CRA I G W E TJE N
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Photographs and text ÂŠ Craig Wetjen, 2016 Foreword ÂŠ Jeff Kennett, 2016 All rights reserved. Echo Publishing thank you for buying an authorised edition of this book. In doing so, you are supporting writers and enabling Echo Publishing to publish more books and foster new talent. Thank you for complying with copyright laws by not using any part of this book without our prior written permission, including reproducing, storing in a retrieval system, transmitting in any form or by any means, electronic, mechanical, photocopying, recording, scanning or distributing.
Foreword by Jeff Kennett
Foreword by Barry Golding
First published 2016
Printed in China
Cover and internal design by Philip Campbell Design
National Library of Australia Cataloguing-in-Publication entry Creator: Wetjen, Craig, author, photographer. Title: Men and their sheds / author, photographer Craig Wetjen; foreword by Jeff Kennett. ISBN: 9781760403034 (hardback) Subjects: Men. Men--Pictorial works. Human behaviour. Other Creators/Contributors: Kennett, Jeff, writer of foreword. Dewey Number: 305.31 Twitter/Instagram: @echo_publishing Facebook: facebook.com/echopublishingAU
FOREWORD I write this foreword to salute the thousands of men around Australia – and overseas – who have contributed to the establishment of almost one thousand Men’s Sheds in Australia.
Turn to page 76 to see Jeff ’s shed.
To the many thousand more who make up the memberships of Men’s Sheds Association – and in doing so have given men of all ages a place to congregate. A place where they can be active, useful and support each other. The men’s health movement has exploded on to the Australian landscape and Men’s Sheds are a major contributor to that awakening. A place to gather, to share stories, to work on projects, support each other, making a great contribution to the mental well-being of those who attend. This publication of Men and Their Sheds by Craig Wetjen celebrates some of these sheds and people. It represents the tip of the iceberg of the very good work associated with Men’s Sheds. Craig has dedicated much time and energy to the photography and production of this work of art. We are all indebted to him as we continue to work towards eliminating isolation, loneliness and depressive illness that is so rampant throughout our society – particularly among men. Hon. Jeff Kennett AC Founding Chairman Beyond Blue 6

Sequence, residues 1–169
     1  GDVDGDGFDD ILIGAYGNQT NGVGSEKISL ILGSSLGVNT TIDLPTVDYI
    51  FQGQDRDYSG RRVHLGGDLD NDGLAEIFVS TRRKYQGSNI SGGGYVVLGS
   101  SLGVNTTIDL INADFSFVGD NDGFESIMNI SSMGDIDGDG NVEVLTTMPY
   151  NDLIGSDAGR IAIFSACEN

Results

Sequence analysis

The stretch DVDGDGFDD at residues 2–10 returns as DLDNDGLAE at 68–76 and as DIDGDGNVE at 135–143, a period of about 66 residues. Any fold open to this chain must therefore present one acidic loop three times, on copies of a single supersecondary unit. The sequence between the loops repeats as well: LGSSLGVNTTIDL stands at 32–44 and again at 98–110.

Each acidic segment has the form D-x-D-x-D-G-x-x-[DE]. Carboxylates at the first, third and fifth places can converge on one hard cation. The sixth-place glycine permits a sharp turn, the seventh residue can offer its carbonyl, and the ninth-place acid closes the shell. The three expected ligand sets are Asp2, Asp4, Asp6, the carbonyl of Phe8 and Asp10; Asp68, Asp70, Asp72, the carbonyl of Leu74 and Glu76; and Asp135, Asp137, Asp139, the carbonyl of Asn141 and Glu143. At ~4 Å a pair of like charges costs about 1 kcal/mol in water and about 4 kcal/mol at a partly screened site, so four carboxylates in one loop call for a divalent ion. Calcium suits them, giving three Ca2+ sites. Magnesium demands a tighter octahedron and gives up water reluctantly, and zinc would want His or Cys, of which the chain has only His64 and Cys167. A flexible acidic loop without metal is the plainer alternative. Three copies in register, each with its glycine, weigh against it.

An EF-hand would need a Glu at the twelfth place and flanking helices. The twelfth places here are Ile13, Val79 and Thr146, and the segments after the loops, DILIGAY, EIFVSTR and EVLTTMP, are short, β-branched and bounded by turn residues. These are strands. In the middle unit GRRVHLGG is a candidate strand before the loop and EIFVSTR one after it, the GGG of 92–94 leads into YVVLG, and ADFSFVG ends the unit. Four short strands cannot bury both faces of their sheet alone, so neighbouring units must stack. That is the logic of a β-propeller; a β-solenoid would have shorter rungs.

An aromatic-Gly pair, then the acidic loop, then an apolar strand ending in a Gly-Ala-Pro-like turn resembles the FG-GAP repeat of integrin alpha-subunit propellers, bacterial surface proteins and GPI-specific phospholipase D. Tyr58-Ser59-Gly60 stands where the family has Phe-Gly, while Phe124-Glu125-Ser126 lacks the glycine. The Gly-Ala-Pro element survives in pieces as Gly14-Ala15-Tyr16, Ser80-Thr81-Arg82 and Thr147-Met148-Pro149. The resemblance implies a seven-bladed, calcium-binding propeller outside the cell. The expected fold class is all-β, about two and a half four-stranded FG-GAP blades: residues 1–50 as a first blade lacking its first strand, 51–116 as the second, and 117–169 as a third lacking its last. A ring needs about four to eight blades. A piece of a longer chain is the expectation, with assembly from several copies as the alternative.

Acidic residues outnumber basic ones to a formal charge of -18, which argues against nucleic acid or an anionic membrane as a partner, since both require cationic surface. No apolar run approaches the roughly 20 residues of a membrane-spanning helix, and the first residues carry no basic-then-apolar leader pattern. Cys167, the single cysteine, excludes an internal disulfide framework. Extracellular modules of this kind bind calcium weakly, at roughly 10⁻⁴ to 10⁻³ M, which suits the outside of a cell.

FOREWORD I am delighted to see this important book in print. As an academic who works mainly with evidence and words, I admire Craig Wetjen’s wonderful knack of capturing the essential essence of both the shed and the man in a beautiful photographic image. The images combine perfectly with the sparse words to tell the fascinating back story of each man and his shed. Men and Their Sheds illustrates the diversity of the backyard shed and the equally diverse reasons why they are important to so many men. Craig’s book is a timely, accessible and unique addition to this now international field, two decades after Mark Thomson published Blokes and Sheds in 1995, just as the first community sheds were starting up. While undertaking research for my book I became aware of the important role images have played in shaping the Men’s Shed Movement. I anticipate that Craig’s book will inspire others within and beyond Australia to acknowledge the importance and potential of both the personal Men’s Shed and the rapidly expanding Men’s Shed Movement. Adjunct Professor Barry Golding, Federation University Australia Author of The Men’s Shed Movement: The Company of Men, the definitive story of the birth, development and international spread of the community Men’s Shed
INTRODUCTION The ‘Men and Their Sheds’ photographic project started when my wife Jo asked me to take a photo of her dad Gordon in his shed. She has grown up with the country shed culture and if there was ever the perfect location for a portrait of Gordon, the shed was going to be it. His shed defines him in many ways. It is the one place he loves to relax and just potter. There is no pressure of time, conversation is easy, and the stories that are shared are wonderful. I was so happy with the image that I began to think how great it would be to photograph other blokes in their sheds. I put the word out for men who might be interested. No obligation. No charge. Just their time. I was excited to own every part of crafting the images – from who to photograph and where, lighting and image selection, right down to the tiny detailed decisions made in the post production of each image. This process took me back to the grassroots of what makes a great photograph – the whole reason why I took up photography in the first place. It’s having a vision, a feeling of getting lost in your own world of creating imagery.